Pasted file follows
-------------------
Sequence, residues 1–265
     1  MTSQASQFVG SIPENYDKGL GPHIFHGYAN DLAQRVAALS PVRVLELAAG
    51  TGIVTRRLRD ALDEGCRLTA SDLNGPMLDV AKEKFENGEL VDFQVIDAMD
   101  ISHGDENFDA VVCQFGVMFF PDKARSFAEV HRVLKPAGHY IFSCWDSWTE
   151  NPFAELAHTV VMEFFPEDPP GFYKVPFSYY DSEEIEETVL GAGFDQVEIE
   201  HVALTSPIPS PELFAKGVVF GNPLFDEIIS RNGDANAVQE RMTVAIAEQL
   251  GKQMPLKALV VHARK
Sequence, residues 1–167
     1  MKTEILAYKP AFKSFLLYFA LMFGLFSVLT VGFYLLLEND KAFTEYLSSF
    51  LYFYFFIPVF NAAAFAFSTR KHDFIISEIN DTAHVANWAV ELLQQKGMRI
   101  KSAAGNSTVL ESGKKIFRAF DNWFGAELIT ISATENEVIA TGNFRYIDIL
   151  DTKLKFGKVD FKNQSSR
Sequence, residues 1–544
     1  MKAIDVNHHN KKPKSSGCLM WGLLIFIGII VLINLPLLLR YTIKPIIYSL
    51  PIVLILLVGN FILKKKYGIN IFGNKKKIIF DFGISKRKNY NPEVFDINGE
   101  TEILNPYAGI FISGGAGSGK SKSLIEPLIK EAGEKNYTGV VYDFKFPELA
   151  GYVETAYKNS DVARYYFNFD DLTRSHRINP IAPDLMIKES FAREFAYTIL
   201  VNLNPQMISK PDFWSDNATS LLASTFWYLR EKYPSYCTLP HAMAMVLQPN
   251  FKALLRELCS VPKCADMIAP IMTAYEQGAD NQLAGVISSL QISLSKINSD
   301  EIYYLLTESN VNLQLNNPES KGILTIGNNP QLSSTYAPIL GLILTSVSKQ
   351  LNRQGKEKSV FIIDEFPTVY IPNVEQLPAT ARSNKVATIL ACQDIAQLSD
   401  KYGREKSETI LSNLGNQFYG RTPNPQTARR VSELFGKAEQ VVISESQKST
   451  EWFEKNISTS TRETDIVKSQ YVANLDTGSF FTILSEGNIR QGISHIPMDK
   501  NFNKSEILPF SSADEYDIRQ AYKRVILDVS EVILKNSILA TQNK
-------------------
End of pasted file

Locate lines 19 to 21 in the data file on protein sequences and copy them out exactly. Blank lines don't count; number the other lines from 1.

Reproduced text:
   251  FKALLRELCS VPKCADMIAP IMTAYEQGAD NQLAGVISSL QISLSKINSD
   301  EIYYLLTESN VNLQLNNPES KGILTIGNNP QLSSTYAPIL GLILTSVSKQ
   351  LNRQGKEKSV FIIDEFPTVY IPNVEQLPAT ARSNKVATIL ACQDIAQLSD